Contemporary minority women's autobiographies have significantly altered, over the past few decades, our understanding of the social and political basis of identity formation. In their articulation of their own subjectivities, minority women autobiographers expressed an urgent need to conceptualize issues relating to women's place and writing and traditional forms within patriarchal systems in conjunction with issues of race, class and gender.
Current social structure in the U.S. portrays various degrees of inequality where race, class, and gender form a complicated web of power relations. As an instance of this, minority working class women often suffer from a triple marginalization based on their concurrent gender, class and racial inequality.
Noticeably, minority women writers have made that triple discrimination one of their main thematic focuses. Thinking Class: Sketches from a Cultural Worker by Joanna Kadi, comes with the urge to write history 'from below', from the perspective of ordinary working class women, making them central to historical interpretation and to the writing of the collective biography of subclasses. In the preface to her autobiography, Kadi remarks: "I didn't write this book alone...Without discounting the incredible amount of work I did, I am focusing here on communal aspects of working-class experience reflected in my life and writing." (Kadi, p.5) Kadi emphasizes the group effort that marks the pages of her book, mirroring thus, the working-class tradition of barn raisings and quilting bees. This could account for the multi-faceted and multi-layered structure of the autobiographical discourse adopted by the author.
Autobiography, has long been considered the literary expression of individualism, of a belief in an integrated and coherent personality central to the narrated experience. At the outset of her narrative, Kadi projects a different view and rejects this notion of writing as an individual experience, 'Don't imagine a lone rugged individual fixedly concentrating in her study with the door firmly closed against any intruders -human, feline, or canine.' (Kadi, p.5) For her there are no myths about triumphant figures pursuing fame and fortune, and most importantly, 'We weren't raised to believe we could do it alone, and I'd never trade this dependence on and interaction with community for any fictitious rugged individualism.' (Kadi, p.5) Personal histories that link the individual with particular communities at given historical junctures, as Caren Kaplan states, can be read as cultural autobiographies, 'The link between individual and community forged in the reading and writing...deconstructs the individualism of autobiography's Western legacy and casts the writing and reading of out-law genres as a mode of cultural survival.' (Kaplan, p.213) This notion is also emphasized by Susan Friedman who asserts that, "The emphasis on individualism as the necessary pre-condition for autobiography is thus a reflection of the privilege, one that excludes from the canons of autobiography those writers that have been denied by history the illusion of individualism." (Friedman, pp.34-62)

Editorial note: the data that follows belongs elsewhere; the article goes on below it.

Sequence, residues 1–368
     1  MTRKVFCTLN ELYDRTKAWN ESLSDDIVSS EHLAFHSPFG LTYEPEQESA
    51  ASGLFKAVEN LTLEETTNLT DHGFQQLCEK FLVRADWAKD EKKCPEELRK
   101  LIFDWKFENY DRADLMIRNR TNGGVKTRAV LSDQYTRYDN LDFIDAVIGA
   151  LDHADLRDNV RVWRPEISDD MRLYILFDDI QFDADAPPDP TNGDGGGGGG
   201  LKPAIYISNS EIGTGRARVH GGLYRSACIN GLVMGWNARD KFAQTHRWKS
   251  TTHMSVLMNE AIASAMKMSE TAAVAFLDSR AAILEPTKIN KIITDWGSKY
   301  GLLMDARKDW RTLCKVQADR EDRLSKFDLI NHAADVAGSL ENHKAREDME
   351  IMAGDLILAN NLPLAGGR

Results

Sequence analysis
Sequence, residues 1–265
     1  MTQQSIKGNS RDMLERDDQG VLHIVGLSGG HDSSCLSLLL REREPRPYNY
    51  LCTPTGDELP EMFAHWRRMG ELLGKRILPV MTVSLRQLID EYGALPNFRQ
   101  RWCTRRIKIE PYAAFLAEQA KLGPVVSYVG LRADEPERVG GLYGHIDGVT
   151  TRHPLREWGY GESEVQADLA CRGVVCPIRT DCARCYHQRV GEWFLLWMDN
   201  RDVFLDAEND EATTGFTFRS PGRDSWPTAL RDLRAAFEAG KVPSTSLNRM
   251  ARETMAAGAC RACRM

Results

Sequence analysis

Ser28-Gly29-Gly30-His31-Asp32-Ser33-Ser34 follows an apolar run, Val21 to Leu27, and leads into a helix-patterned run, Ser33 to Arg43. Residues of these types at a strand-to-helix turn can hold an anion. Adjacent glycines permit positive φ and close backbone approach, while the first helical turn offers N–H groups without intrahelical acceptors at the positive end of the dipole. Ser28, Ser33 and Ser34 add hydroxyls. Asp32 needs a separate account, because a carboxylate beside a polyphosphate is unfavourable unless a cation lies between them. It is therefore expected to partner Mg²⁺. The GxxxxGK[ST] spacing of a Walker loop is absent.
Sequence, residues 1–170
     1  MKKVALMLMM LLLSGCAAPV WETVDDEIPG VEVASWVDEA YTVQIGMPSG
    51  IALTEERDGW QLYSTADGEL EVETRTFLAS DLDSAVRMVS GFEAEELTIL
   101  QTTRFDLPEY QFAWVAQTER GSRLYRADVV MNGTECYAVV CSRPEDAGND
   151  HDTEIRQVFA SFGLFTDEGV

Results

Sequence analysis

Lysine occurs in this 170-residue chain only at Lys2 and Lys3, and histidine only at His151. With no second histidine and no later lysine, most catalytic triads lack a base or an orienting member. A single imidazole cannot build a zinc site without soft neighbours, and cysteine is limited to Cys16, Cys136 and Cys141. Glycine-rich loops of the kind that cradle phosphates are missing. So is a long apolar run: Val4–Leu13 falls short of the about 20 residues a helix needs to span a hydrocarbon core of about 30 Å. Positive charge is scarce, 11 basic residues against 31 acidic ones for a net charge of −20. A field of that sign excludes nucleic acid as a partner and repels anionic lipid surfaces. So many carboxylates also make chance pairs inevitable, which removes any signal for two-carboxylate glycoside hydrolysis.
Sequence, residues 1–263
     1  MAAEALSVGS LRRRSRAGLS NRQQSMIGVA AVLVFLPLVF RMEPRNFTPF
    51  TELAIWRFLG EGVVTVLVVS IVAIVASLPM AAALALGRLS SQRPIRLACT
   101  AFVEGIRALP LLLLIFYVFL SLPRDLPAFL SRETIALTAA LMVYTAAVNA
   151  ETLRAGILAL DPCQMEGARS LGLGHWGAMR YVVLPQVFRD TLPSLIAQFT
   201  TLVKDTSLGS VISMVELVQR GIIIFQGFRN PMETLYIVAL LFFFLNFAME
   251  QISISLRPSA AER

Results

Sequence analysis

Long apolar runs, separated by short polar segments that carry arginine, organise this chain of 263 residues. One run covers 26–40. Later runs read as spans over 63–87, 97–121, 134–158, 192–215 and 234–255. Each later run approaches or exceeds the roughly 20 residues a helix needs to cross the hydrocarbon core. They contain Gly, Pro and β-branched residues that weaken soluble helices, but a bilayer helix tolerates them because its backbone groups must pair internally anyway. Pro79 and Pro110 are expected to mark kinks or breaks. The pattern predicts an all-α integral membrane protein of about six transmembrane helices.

Kadi goes beyond the traditional (auto)biographical convention of verifiability or attempted objectivity, as she models for the reader a consciousness that is intent on questioning its own assumptions, and constantly redefining itself, as, and apart from 'the other'. That is why writing for her becomes a resistance:
My writing results from this desire to resist; it
stems from deep feelings of love and caring--for
people in my communities, for dogged survivors
who refuse to succumb to forces wearing them
down day after day, for the ones who've
generated beauty in spite of incredible hardship,
for the wise, articulate, sweet people I grew up
with who disappeared quietly into the night
because they were too yellow and too poor. (Kadi, p.14)
What results is a narrative strategy that links past and current events, past experience with present understanding, and past self with present self-construction. …